-- Bunche was a co-founder of the National Negro Congress (NNC) in 1935. Contrast the focus on labor coalitions and economic rights with the NAACP's emphasis on civil rights.

-- Bunche was an early supporter of the Montgomery bus boycott and Martin Luther King. Despite his declining health, Bunche spoke just before King at the March on Washington and joined King for the Selma to Montgomery march in 1965.

-- In Montgomery, Bunche responds to Governor Wallace’s critique of "outside agitators" by saying that no American is an "outsider." Compare the doctrine of states rights in the civil rights struggle to that of national sovereignty in the human rights struggle.

In what ways does Bunche work to make sure that the United Nations is more effective than its predecessor, the League of Nations?

  • Discuss his role in drafting key parts of the UN Charter. How does he overcome the unwillingness of the U.S. government to support crucial language in the Charter?
  • If the League of Nations had supported Ethiopia against fascist Italy in 1935, could World War II have been prevented? Compare to current U.S. foreign policy in Eastern Europe vs. Africa.

What is the relationship between "peacekeeping" and human rights?

  • Discuss the relationship between "peace" and "justice." Can or should the UN intervene to promote justice as well as peace? Why did Bunche dictate that UN blue helmets must act only in defense of themselves?

What were Bunche's views on the rights of women?

-- Discuss the impact of local women's groups such as the Iroquois Friday Morning Civic and Social Club on race relations.

-- What does Bunche's daughter mean when she says he was a traditional "paterfamilias? Discuss the gender views of leaders such as Bunche, King, and Malcolm X.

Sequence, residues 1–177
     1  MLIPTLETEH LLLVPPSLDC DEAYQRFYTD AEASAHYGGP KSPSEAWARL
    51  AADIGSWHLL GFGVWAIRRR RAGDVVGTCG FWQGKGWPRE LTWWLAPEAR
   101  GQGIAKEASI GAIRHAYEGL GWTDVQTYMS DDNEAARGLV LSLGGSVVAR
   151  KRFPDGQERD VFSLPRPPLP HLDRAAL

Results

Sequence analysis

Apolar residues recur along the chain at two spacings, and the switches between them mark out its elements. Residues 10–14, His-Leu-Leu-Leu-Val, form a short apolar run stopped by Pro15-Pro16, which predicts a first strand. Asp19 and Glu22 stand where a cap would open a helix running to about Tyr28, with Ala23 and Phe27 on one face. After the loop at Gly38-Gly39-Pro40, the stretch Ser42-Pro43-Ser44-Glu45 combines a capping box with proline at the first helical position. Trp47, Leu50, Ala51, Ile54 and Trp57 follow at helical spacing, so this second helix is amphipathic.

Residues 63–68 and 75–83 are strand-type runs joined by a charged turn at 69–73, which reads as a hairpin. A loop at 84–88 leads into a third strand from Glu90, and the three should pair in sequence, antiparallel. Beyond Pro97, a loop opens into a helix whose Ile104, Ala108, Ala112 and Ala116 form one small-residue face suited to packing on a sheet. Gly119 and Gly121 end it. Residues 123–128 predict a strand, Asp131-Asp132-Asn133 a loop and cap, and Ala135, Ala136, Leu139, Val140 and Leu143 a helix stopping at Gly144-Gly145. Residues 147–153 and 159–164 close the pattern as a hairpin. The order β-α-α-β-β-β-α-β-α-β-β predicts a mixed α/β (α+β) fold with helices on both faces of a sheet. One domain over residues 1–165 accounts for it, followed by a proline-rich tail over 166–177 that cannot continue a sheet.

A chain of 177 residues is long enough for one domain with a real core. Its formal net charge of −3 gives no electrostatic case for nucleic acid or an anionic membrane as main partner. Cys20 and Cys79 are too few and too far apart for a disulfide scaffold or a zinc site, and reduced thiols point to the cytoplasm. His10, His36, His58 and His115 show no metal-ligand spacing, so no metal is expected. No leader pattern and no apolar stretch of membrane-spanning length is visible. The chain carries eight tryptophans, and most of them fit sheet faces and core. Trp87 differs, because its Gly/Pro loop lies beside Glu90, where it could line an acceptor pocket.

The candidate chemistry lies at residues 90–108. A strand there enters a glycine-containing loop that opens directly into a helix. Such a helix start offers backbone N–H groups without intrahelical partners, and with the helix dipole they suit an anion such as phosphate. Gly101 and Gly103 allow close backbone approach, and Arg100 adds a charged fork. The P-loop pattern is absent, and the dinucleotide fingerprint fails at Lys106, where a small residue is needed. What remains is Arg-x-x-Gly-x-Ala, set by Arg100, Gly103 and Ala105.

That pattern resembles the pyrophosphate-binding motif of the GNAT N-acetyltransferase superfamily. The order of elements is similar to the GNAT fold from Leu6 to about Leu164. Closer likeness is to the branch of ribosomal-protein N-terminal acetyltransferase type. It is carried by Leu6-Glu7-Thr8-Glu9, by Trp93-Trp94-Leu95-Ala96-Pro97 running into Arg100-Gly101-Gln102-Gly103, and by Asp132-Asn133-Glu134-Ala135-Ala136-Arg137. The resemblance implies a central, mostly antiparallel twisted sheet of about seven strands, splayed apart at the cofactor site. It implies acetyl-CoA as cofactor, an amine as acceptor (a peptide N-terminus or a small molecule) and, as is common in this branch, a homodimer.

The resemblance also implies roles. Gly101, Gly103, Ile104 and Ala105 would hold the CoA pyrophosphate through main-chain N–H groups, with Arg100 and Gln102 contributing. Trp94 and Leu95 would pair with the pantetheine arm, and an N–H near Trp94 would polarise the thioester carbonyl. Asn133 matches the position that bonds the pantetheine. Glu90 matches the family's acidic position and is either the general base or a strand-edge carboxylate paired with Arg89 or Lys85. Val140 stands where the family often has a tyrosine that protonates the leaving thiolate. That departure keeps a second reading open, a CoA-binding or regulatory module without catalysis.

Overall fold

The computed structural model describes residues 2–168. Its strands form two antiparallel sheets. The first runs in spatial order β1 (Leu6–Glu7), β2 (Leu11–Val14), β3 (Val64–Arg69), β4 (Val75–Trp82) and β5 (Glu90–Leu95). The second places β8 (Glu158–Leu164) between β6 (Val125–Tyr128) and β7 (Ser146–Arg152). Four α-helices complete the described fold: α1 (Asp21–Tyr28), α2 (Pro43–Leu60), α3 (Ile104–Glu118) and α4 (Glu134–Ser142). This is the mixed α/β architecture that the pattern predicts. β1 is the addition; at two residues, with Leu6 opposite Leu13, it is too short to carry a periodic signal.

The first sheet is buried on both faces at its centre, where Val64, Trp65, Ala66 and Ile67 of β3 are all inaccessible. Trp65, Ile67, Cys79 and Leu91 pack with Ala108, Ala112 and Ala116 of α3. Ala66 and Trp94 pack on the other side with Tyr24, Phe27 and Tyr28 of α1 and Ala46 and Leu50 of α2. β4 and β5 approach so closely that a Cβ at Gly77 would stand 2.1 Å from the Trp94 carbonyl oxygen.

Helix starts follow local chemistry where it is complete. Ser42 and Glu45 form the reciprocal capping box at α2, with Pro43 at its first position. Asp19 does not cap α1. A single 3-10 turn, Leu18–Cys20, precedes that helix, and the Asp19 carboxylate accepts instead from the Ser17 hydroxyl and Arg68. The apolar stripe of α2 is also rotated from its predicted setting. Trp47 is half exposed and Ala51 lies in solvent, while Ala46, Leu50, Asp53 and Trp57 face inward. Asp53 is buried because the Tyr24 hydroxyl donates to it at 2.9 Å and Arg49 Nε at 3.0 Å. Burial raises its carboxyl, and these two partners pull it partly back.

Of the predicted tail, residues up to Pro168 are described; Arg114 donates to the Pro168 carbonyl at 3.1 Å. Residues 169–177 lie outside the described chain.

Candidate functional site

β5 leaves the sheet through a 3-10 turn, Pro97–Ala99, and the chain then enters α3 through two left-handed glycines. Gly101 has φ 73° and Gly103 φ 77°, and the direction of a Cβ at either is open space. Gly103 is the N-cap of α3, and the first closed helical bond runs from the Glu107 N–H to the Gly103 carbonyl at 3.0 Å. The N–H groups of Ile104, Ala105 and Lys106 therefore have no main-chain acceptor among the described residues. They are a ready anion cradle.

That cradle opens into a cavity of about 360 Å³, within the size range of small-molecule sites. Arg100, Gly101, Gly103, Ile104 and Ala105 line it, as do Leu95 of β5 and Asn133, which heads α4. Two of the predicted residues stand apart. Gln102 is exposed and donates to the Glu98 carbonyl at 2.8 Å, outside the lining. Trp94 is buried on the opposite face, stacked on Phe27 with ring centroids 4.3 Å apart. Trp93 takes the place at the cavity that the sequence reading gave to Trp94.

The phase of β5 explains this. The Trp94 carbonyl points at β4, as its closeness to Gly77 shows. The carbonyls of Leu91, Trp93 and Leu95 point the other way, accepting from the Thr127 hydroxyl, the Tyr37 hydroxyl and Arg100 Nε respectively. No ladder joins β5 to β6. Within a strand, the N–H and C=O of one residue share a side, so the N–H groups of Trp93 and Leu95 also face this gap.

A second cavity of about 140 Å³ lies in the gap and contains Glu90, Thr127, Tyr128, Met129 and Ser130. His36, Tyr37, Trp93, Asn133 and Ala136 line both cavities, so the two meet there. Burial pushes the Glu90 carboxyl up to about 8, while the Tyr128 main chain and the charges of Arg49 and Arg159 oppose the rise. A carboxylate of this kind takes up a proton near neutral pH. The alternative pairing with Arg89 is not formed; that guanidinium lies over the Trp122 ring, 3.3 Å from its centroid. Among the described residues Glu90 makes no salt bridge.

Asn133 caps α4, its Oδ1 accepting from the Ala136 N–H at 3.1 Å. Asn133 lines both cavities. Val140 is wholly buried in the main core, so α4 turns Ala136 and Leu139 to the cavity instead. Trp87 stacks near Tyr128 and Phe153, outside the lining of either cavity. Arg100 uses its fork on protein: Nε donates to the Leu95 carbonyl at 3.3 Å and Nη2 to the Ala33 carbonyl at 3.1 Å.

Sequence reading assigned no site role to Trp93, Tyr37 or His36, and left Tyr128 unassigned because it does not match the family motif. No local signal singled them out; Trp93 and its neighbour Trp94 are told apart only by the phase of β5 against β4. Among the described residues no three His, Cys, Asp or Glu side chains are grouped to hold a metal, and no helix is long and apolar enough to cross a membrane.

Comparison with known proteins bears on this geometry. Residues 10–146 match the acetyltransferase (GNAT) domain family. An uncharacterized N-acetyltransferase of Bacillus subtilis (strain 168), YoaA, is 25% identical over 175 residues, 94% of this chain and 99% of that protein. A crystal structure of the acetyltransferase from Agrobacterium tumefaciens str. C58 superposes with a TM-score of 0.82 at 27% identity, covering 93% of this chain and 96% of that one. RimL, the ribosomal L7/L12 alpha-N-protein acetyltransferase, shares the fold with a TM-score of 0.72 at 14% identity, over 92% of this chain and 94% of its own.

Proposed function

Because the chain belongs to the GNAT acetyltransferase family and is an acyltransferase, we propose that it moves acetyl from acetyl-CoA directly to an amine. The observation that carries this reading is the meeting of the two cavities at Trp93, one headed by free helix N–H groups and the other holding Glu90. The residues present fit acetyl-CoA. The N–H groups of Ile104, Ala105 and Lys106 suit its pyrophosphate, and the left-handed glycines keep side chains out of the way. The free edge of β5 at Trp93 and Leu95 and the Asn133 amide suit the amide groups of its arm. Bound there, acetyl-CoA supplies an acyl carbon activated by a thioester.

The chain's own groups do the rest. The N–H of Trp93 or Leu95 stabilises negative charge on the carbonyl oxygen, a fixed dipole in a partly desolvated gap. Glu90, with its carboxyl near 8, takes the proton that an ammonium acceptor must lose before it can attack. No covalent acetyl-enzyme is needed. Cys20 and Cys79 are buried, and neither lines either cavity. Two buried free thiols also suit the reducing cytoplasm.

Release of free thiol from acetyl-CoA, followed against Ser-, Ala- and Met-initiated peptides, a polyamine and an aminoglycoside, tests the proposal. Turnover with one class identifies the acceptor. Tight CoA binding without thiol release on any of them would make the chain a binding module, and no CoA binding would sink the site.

Would Bunche have been as successful career-wise had he chosen to remain at the U.S. State Department?

-- Discuss the opportunities opened up by the UN for international civil service.

-- Contrast with the very limited opportunities for Black diplomats in the U.S.

-- Discuss the indignities even African ambassadors faced in the U.S. in the fifties and sixties.


Ralph J. Bunche, The Political Status of the Negro in the Age of FDR, (Chicago: University of Chicago Press, 1973).

Ralph Bunche, A World View of Race, (Port Washington, NY: Kennikat Press, 1968 (1936).

Charles P. Henry, Ralph Bunche: Model Negro or American Other, (NY: New York University Press, 1999).

Charles P. Henry, (ed.), Ralph J. Bunche: Selected Speeches and Writings, (Ann Arbor: University of Michigan Press, 1995).

Michael L. Krenn, Black Diplomacy: African Americans and the State Department 1945-1969, (Armonk, NY: M.E. Sharpe, 1999).

Paul Gordon Lauren, Power and Prejudice: The Politics and Diplomacy of Racial Discrimination, (Boulder, CO: Westview Press, 1996).

Benjamin Rivlin, (ed.), Ralph Bunche: The Man and His Times, (NY: Holmes & Meier, 1990).

Brian Urquhart, Ralph Bunche: An American Odyssey, (NY: W.W. Norton, 1993).